Dietary Comparison of Two Hawaiian Monk Seal Populations: The Role of Diet as a Driver of Divergent Population Trends
Monk seals in the Northwestern Hawaiian Islands and main Hawaiian Islands eat a similar diet, but seals in the main Hawaiian Islands may experience less competition for food. In addition, prey that may be more bountiful and better quality, allowing the main Hawaiian Islands population to increase while the Northwestern Hawaiian Islands population continues to decrease.
Divergent trends in population abundance of Endangered Hawaiian monk seals (Monachus schauinslandi) are apparent between the Northwestern Hawaiian Islands and the main Hawaiian Islands. The smaller, recently established main Hawaiian Islands seal population is increasing, exhibits higher juvenile survival, and seals appear to be in better condition overall relative to seals in the Northwestern Hawaiian Islands. Using traditional dietary analysis we characterize the diet of main Hawaiian Islands monk seals for the first time and examine the hypothesis that diet and prey availability may be driving these regional trends. Prey remains from feces and regurgitates (n = 120) were identified to the lowest possible taxonomic level and compared with results from Northwestern Hawaiian Islands historical data. The most common prey taxa, by percent frequency of occurrence, were Balistidae (48.3%), Crustacea (37.5%), Acanthuridae (32.5%), Muraenidae (30.8%), Serranidae (20.8%), Cephalopoda (18.3%), Holocentridae (17.5%), Labridae (16.7%), and Scaridae (10.8%). Results indicate that main Hawaiian Islands and Northwestern Hawaiian Islands seals eat similar diets; however, an incongruity in body conditions of seals between regions indicates a possible difference in intra- or inter-specific competition, prey availability, and quality. Further research assessing foraging behavior and habitat use would aid in identifying the regional differences observed.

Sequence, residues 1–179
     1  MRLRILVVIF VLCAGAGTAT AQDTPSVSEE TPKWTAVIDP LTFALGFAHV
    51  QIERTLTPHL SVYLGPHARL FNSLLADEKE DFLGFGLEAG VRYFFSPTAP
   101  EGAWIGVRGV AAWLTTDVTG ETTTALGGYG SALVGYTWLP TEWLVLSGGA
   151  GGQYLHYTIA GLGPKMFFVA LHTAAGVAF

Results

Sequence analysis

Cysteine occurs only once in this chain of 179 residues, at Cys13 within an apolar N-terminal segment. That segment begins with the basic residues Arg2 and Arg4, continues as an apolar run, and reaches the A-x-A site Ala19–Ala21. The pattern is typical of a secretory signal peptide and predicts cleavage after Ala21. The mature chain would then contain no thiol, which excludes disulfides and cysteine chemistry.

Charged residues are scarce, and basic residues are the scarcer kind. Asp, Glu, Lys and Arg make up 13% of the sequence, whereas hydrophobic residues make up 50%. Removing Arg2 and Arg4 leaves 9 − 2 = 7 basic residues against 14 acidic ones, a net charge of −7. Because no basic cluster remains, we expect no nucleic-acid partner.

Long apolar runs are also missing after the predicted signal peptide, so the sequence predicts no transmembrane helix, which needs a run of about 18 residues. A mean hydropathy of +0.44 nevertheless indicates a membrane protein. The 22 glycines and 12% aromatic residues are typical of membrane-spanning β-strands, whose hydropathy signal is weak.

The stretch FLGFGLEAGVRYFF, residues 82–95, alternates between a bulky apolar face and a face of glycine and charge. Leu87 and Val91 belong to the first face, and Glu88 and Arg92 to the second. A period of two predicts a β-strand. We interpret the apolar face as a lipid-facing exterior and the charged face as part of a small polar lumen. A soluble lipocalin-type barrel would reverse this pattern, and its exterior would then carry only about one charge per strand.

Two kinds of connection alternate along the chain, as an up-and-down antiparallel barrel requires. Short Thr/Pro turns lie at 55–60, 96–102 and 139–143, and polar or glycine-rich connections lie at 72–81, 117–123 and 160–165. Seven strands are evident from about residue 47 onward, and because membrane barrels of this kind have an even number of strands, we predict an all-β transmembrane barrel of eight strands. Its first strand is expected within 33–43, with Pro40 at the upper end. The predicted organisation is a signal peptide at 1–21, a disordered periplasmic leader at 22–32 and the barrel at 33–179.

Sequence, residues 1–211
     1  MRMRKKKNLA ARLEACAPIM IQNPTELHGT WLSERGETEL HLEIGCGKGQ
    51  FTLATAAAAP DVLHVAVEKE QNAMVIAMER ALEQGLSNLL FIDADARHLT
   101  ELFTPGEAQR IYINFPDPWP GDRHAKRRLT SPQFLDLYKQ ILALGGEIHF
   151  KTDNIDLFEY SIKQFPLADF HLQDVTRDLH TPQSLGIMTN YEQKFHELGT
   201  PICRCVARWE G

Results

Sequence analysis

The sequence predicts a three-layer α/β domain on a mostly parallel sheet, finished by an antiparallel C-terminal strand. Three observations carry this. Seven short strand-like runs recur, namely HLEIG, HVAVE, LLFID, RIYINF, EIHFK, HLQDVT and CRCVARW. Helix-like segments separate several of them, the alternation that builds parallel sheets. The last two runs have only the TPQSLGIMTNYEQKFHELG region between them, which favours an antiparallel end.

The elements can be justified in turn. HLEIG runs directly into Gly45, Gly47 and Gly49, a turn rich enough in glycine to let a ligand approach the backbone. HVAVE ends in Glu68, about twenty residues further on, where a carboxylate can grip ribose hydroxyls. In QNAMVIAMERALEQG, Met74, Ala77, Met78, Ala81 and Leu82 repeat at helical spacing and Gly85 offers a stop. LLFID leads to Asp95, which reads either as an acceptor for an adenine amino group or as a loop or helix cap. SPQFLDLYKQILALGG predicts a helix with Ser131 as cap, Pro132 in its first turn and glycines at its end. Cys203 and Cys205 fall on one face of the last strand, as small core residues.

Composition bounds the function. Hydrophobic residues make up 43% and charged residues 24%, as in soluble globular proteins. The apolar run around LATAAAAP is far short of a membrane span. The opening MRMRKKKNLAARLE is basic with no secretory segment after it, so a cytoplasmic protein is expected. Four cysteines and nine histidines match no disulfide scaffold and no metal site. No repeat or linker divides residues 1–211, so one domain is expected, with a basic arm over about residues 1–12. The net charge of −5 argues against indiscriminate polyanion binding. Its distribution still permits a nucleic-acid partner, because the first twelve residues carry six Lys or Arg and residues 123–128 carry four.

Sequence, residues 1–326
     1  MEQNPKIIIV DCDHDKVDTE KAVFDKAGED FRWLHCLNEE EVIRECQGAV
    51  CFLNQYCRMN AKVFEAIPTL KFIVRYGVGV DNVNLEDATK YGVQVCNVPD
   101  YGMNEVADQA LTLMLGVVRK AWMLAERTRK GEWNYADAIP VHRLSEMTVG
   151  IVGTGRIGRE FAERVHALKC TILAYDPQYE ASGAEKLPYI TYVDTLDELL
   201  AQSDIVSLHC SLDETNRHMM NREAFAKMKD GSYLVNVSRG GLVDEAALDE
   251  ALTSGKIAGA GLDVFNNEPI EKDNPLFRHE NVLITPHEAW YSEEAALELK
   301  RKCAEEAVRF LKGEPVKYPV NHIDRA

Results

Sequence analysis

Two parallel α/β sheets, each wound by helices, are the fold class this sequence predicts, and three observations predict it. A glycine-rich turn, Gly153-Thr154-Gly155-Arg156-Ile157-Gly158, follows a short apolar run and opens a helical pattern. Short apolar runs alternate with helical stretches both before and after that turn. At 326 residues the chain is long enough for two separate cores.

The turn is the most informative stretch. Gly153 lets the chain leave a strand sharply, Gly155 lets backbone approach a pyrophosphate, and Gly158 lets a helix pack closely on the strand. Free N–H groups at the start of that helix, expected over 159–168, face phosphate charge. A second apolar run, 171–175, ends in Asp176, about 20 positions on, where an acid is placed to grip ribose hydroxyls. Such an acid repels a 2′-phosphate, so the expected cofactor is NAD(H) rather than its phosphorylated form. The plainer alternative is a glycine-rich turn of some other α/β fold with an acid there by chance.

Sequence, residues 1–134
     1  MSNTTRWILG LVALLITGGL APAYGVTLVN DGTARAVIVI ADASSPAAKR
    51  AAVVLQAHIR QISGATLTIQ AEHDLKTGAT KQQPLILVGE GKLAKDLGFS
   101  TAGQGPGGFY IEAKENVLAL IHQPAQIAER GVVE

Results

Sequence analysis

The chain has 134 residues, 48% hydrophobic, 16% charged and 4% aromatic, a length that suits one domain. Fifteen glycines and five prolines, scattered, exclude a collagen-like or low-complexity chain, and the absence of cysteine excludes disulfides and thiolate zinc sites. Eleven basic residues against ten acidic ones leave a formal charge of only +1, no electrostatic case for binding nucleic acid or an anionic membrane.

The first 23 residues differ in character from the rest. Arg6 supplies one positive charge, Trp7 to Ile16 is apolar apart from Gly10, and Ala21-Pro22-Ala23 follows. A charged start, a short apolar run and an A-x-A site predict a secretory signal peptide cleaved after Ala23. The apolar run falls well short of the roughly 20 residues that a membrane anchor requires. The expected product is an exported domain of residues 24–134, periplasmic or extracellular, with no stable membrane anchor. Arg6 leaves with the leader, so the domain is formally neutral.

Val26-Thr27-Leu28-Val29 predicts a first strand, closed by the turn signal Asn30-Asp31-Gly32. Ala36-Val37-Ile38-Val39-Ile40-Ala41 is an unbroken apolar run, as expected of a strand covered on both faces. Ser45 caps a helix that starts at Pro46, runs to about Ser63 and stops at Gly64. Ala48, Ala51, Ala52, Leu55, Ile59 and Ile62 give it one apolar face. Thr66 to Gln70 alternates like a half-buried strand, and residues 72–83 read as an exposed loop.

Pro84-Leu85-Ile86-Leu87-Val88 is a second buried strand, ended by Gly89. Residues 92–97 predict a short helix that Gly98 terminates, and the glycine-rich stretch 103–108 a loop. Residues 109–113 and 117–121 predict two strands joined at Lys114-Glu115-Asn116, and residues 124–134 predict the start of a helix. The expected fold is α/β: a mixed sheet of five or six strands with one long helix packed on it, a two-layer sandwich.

Cahoon MK, Littnan CL , Longenecker K, Carpenter JR. Dietary Comparison of Two Hawaiian Monk Seal Populations: The Role of Diet as a Driver of Divergent Population Trends. Published in Endangered Species Research.